Bankruptcy used to be steeped in a negative stigma, making it difficult for people to formally declare themselves as being in a poor financial situation and having no way out of it. In order to declare yourself as bankrupt, you need to formally apply which will actually cost you money. However, this can be repaid in very small instalments should you be unable to pay up front.
Declaring yourself as bankrupt is often considered a last resort for being unable to pay off money owed. In fact, you need to have unsecured debts which total more than your assets (such as property) in order to be considered truly bankrupt. The other way to be declared bankrupt is if a creditor that you owe money to declares it against you. If they can prove you owe them at least £5,000 then it will be issued by the court.
What does declaring bankruptcy do?
Declaring yourself as bankrupt puts you in a legal status that lasts for around a year. During your bankruptcy, non-essential assets and excess income are used to pay off your loans. Once the period ends, most of your debts will be cancelled regardless of how much you own. This can be one of the more manageable ways to deal with your debts.
However, being bankrupt limits your financial options slightly and it could increase the length of time that you have the bankrupt status. For instance, you can’t borrow more than £500 from a lender without declaring that you’re bankrupt, you can’t create, manage or promote a company without permission and you also can’t work as debt specialist while bankrupt.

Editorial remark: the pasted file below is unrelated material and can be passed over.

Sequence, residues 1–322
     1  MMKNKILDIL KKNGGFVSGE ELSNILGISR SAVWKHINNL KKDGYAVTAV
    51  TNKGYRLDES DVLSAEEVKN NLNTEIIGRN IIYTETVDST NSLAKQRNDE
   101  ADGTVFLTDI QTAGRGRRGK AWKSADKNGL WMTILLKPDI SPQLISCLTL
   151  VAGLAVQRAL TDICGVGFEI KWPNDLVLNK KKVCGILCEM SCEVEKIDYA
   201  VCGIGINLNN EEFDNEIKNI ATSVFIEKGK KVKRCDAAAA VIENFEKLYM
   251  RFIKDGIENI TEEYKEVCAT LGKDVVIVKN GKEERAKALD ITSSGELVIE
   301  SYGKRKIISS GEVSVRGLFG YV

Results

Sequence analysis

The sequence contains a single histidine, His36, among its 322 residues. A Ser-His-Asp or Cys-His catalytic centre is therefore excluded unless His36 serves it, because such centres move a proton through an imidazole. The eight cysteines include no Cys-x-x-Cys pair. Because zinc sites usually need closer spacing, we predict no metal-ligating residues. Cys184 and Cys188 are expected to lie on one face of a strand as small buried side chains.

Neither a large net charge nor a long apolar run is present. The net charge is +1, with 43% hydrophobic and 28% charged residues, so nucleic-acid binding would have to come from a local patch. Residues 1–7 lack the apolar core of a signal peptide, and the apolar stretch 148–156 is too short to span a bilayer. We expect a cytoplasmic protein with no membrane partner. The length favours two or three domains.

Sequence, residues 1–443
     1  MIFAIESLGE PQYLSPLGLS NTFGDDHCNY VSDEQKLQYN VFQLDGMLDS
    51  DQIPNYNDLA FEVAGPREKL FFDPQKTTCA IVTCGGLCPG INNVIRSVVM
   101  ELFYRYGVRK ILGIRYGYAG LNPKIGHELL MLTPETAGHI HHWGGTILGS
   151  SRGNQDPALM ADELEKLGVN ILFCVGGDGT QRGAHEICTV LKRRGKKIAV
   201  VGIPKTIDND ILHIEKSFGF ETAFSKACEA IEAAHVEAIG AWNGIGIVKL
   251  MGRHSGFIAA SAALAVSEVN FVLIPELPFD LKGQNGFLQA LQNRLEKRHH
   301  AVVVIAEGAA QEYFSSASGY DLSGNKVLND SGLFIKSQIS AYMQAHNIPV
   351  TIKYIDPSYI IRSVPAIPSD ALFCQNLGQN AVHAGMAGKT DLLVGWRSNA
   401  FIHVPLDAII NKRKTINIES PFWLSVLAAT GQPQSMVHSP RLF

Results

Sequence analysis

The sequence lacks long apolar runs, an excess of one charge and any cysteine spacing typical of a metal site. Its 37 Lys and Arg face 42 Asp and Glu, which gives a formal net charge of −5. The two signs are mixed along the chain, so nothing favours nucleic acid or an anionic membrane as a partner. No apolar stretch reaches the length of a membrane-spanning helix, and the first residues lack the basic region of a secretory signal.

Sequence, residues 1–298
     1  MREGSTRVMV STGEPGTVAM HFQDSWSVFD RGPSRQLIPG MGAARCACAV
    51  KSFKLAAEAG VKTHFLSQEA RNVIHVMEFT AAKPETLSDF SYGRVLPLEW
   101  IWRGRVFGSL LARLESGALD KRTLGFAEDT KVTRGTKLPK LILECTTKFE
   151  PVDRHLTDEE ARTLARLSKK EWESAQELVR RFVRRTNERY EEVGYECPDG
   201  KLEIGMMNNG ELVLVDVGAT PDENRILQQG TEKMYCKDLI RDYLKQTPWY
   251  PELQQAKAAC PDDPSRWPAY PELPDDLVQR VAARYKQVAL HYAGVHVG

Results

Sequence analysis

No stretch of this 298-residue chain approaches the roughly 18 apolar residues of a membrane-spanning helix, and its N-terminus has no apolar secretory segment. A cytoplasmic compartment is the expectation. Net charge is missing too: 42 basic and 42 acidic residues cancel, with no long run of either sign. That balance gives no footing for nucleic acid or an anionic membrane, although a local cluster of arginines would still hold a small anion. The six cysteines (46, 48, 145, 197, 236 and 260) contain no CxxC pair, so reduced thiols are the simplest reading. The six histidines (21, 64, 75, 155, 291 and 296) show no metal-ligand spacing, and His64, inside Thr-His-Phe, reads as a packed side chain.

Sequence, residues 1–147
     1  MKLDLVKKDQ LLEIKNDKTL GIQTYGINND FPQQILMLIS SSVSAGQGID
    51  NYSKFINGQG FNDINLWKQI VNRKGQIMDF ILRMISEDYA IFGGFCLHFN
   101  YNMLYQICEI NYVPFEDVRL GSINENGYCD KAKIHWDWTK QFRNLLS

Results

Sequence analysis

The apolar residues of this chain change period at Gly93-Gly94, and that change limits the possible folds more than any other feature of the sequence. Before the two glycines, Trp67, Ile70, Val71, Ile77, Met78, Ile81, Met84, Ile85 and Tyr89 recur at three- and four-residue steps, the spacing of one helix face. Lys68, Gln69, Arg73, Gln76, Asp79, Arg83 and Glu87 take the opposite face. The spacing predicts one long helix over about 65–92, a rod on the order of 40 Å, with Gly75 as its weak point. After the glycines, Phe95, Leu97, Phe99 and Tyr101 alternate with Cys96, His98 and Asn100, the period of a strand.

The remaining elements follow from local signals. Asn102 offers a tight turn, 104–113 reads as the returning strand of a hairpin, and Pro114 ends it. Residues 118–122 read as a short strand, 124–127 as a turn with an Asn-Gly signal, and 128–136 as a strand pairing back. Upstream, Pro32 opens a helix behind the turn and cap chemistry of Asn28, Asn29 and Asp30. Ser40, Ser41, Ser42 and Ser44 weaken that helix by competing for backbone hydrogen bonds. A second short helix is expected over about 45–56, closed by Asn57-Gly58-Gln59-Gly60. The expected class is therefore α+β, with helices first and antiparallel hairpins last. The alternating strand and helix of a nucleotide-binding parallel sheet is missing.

Why do people choose bankruptcy?
Bankruptcy has now become a popular option for people to solve their debt problems, but what has made it grow in popularity over the past couple of years?
One of the biggest contributing factors is that you can now apply for bankruptcy without going through a long formal process. Applications can actually be made online at Gov.uk without needing to appear in court, meaning that it has become a little easier to do so. Moving to online applications has given people more privacy when it comes to dealing with bankruptcy and without needing to appear in court, it has given people more confidence in clearing their debt situation.
As long as you’re honest with how you approach bankruptcy, it’s a simple way to get rid of potentially thousands of pounds worth of money owed. Although it does involve handing over all of your spare income and not being given access to your bank accounts, it only lasts for a year and once that period is over, you’ll be debt-free. There’s even a chance that you could be discharged from your bankruptcy earlier than you’d expect if you stay as honest as you can with your income and your creditors are happy with the decision.
While declaring bankruptcy isn’t the only way to deal with an overwhelming amount of debt, it can be one of the simpler ways if you’re content with living a simple and frugal life for a year to prove that you can manage your finances.